The term “powwow” is derived from the Algonquian work, pauau, meaning “any gathering of people”. From an American Indian perspective, “powwow” is a relatively modern term that refers to any tribal or intertribal, secular event that features singing, dancing, honoring ceremonies, and giveaways, occasionally interposed with prayers and speeched in Native language or English. Originally a dance associated with the Great Plains, today powwows are held in nearly every major city in the United States, Canada, and in many European cities where American Indians are invited to participate. Powwows are perhaps the most public and dramatic expressions of American Indian identity in the twentieth century.
Most experts agree that the modern day powwow had it’s origin in a religious ceremony of the Pawnee sometime before the mid-nineteenth century. The oldest form of the dance is the Pawnee Irushka, meaning “they are inside the fire”, and nearby Oaha, who transformed the sacred ceremony to one celebrating warfare. The Omaha and Siouan-speakers called the dance Hedushka or Helushka.
After the middle of the nineteenth century, most Plains tribes were confined to reservations. During this time the Hedushka began to spread across the Plains. As the dance moved westward, each tribe that learned it from it’s neighbor named it after some peculiar characteristic. In Oklahoma, sometimes called the “cradle of powwowing”, the dance took on two main types of characteristics, the “fancy dance” of the Kiowa, Comanche, and the Kowa-Apache, and the southern Cheyenne and Arapaho, as opposed to the more conservative, “straight dance” of the Osage, Oteoe, Quapaw, Ioway, Missouri, and Ponka (and once again the Pawnee and Omaha).
It was not until the mid-1950s that the terms “powwow” and “War Dance” became popular outside of Oklahoma. At this time individual tribal members began traveling between reservations and other Indian communities to participate in powwow contests and gradually term “powwow” caught on.
Since 1955, there has been a tendency toward the development of six different styles of dance regalia, three for males and three for females. These six different styles include Men’s “Fancy”, “Traditional”, and “Grass” dances, and Women’s “Fancy Shawl”, “Traditional”, and “Jingle” dances.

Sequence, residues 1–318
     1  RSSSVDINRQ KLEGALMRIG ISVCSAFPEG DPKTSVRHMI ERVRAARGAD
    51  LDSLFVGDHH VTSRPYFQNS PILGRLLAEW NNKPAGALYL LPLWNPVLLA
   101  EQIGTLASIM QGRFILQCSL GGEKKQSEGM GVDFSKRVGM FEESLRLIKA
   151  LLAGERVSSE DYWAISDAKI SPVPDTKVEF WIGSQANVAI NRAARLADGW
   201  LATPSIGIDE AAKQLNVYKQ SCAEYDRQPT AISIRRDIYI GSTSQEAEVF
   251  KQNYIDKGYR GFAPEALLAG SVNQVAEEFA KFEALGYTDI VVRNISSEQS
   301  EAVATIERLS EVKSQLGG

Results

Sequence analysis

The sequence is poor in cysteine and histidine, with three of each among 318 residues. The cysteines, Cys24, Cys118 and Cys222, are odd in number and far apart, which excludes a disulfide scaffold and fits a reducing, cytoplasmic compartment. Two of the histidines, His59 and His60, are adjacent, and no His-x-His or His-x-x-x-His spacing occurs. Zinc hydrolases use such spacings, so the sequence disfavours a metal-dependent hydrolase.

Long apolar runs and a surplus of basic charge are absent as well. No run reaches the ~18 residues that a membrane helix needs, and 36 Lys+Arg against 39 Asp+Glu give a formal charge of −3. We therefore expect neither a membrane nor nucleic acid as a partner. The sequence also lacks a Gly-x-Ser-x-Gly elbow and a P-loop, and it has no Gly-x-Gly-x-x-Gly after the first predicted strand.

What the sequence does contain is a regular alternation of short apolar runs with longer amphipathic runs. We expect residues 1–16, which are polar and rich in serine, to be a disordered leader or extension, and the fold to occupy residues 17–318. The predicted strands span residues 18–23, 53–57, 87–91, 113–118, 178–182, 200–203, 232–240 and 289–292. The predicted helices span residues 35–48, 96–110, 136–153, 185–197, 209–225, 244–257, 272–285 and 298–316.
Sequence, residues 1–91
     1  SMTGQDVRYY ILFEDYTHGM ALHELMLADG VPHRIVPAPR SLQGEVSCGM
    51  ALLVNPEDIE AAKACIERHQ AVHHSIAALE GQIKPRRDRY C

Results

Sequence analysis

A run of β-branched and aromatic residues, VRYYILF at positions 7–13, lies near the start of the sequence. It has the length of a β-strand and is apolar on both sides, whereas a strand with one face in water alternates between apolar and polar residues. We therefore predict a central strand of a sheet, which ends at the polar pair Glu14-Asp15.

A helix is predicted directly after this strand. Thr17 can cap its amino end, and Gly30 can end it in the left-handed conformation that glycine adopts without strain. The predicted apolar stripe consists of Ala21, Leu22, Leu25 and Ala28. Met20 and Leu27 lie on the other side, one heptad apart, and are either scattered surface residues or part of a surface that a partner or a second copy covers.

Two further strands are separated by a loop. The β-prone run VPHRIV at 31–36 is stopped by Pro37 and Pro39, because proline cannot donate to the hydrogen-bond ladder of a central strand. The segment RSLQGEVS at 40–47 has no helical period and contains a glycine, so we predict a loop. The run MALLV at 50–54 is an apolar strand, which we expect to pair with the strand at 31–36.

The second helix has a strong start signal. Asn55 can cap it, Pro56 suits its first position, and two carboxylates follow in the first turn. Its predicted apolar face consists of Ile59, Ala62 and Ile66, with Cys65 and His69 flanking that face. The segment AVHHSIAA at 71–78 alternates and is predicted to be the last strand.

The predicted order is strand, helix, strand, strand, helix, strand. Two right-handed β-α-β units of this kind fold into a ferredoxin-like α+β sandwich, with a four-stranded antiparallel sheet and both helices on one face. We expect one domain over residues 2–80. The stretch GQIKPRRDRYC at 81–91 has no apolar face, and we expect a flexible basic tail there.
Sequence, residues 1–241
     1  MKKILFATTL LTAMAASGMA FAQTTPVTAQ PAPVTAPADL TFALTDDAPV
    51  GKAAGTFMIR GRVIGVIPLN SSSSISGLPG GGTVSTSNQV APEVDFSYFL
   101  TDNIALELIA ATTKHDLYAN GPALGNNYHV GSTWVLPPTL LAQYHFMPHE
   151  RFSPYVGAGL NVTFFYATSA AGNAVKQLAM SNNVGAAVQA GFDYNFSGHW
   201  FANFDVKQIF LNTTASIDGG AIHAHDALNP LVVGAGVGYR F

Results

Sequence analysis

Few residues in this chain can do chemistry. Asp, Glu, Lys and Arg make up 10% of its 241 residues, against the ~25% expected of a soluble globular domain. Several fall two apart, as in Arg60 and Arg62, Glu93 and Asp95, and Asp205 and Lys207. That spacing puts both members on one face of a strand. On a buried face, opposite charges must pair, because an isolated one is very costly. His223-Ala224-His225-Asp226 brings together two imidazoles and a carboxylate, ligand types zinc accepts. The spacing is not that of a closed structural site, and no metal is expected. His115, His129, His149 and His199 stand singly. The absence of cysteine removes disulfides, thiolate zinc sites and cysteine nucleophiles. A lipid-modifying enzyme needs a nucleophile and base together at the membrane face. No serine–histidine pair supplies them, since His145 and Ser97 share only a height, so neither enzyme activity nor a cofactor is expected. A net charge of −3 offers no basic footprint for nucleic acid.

Powwows traditionally begin with a grand entrance followed by a flag raising ceremony, then a short invocation. War Dances then follow, interspersed with Round Dances, Rabbit Dances, Two Steps, and other specialties. The singers and dancers break for a noon and evening meal, then resume dancing, sometimes until early in the morning.
Dance contests are generally organized around age, gender, and dance style. There are usually four categories, “Tiny Tots”, which little boys and girls may participate, boys and girls, young men and women, and elder men and women. Each age group participates in contests for win, place, and show in “Traditional”, “Fancy”, “Grass”, “Jingle”, and “Shawl” dancing.
Powwow contests are judged by older men and women, most of whom have been powwow champions. Dancers are judged on their individual ability to master the particular style in which they compete, to keep good time with the song, and to end precisely on the last beat of the drum. Dancers are automatically disqualified if they lose an article of costuming during a contest, or if they overstep the last beat. They are also expected to participate fully in the entire powwow and not only in the competitions.
The powwow is the key symbol of twentieth century American Indian identity. Although frequently seen as a “Pan-Indian” movement, the powwow actually enables members of tribes to relate to others of different tribes in order to perpetuate contemporary American Indian culture on a grand and public scale. At the same time, American Indians participate in rich and tribally distinct cultures, which continue to flourish.
Edited and condensed from William K. Powers, “Powwow,” Native America in the Twentieth Century (New York: Garland Publishing, 1994) 476-80.